AC Cycles for Clock

Thread Starter

benha

Joined Jan 4, 2011
49
Hi, folks.

I have a project in mind wherein I would need to leave a circuit energized for a specific number of AC cycles. I think I've got my head around most of the counting part, but what I haven't been able to figure out is how to create a trigger that fires once per cycle. I'd prefer to do this based on witnessed cycles as opposed to using a timer set to fire at 1/60th (or 1/50th) of a second.

Basically, the goal here is to create a CLK trigger once per AC Mains cycle.

Anyone able to point me in the right direction?

Thanks,
-Ben
 

MaxHeadRoom

Joined Jul 18, 2013
21,261
Use a zero crossing detection set up, you could probably do it with a variation of the triac trigger circuits in Fairchild App note AN-3006.
Integrating with either a logic IC or microchip.
Max.
 

KMoffett

Joined Dec 19, 2007
2,899
I did that for a Miller spot welder at work. Thumb wheel switches and a down counter. One pulse/cycle from a half-wave rectifier and transistor off of the low voltage DC supply transformer. I'll see if I can find the schematic Monday.

Ken
 

Thread Starter

benha

Joined Jan 4, 2011
49
Super helpful, thanks folks!

Ken, I suspect your solution is the best fit for my project. I suspect I can figure out the details, but if you have a diagram lying around I'd love to see it!
 

SLK001

Joined Nov 29, 2011
1,548
Here's a circuit that will give an output pulse once every cycle:
ZERO_CROSSING.jpg

R6 and R7 are only needed for simulation purposes. Here is a simulated output of this circuit:

SIMULATE.jpg
 

atferrari

Joined Jan 6, 2004
4,069
I did that for a Miller spot welder at work. Thumb wheel switches and a down counter. One pulse/cycle from a half-wave rectifier and transistor off of the low voltage DC supply transformer. I'll see if I can find the schematic Monday.

Ken
Were you controlling exactly what? The time the voltage was applied to the piece being weld?
 

Thread Starter

benha

Joined Jan 4, 2011
49
Were you controlling exactly what? The time the voltage was applied to the piece being weld?
I suspect so. A spot welder is, in fact, the exact thing I'm building.

The standard unit of measure for a spot welder's weld time is the number of AC cycles power is applied.
 

MaxHeadRoom

Joined Jul 18, 2013
21,261
Do you need that much precision with for any simple spot welder? most weld take place over many cycles, and is commonly done in the industry with a simple timer to control the firing element, often a large contactor.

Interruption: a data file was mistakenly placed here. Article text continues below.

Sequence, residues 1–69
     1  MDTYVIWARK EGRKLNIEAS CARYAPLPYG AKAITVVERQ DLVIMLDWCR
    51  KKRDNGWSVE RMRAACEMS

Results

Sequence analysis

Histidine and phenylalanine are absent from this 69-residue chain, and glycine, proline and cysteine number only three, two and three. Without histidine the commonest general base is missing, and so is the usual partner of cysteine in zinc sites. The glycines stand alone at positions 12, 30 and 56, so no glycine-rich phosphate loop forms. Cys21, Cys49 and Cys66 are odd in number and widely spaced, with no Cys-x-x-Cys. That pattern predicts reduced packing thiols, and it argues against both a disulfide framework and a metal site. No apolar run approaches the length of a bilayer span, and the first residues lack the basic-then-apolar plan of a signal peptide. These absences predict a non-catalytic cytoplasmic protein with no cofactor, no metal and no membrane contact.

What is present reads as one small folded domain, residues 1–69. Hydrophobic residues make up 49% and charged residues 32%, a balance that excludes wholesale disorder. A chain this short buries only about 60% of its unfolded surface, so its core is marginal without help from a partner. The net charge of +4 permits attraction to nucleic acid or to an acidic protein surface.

Pulse counting is usually done with seam or projection welding where the weld repeats and cycles rapidly.
Max.
 

MaxHeadRoom

Joined Jul 18, 2013
21,261
Iv'e built a few boats in my time, mostly sail, I still have 1/2 ton of lead that was intended for a keel, and Sitka spruce spars, but never made it.:(

This is how they sing it in Newfoundland Ca.

I's the b'y (boy) that builds the boat
And I's the b'y that sails her
I's the b'y that catches the fish
And brings them home to Liza
Max.:)
 

Threeneurons

Joined Jul 12, 2016
30
When I started out we would use a Dekatron counter tube for this!:p
Output on any selected pin.
View attachment 100218
Max.
On a "selector" type dekatron, yes. Tubes such as the GS10C, 6476A, and Z504S.

I used both the AC line, for the time base, and a dekatron, in the timing chain, of my nixie clocks:

Dekatron Plugs into P5. Anode goes to the anode. G1 and G2 go to the two guide pins. NDX typically ties to K0, and RTN ties to all the other Kx cathodes. A simple common emitter transistor stage is used to extract the 60Hz. btw, its all powered of a 9VAC wallcube.

For a zero crossing, here is a non-isolated circuit I use for an "improved" version of the old fashion thyristor-incandescent color organ:

Its key to the "improved" part. The original SCR driven color organ had no phase control. Brightness was due to statistics. More ON cycles for loud noises, and fewer for quieter sound. My improved unit actually modulated the pulse width to the sound.


I don't know why a true PWM circuit wasn't used in the old days. The technology was available, and that's how thyristors are to be driven.
 

MaxHeadRoom

Joined Jul 18, 2013
21,261
I don't know why a true PWM circuit wasn't used in the old days. The technology was available, and that's how thyristors are to be driven.
The machines I had knowledge of back then that used dekatrons were usually used to fire thyratrons and ignitrons, equivalents to the thyristor family and function the same way.
PWM was rare and Mosfet's did not exist and transistors were impracticable replacement for these devices.
Max.
 
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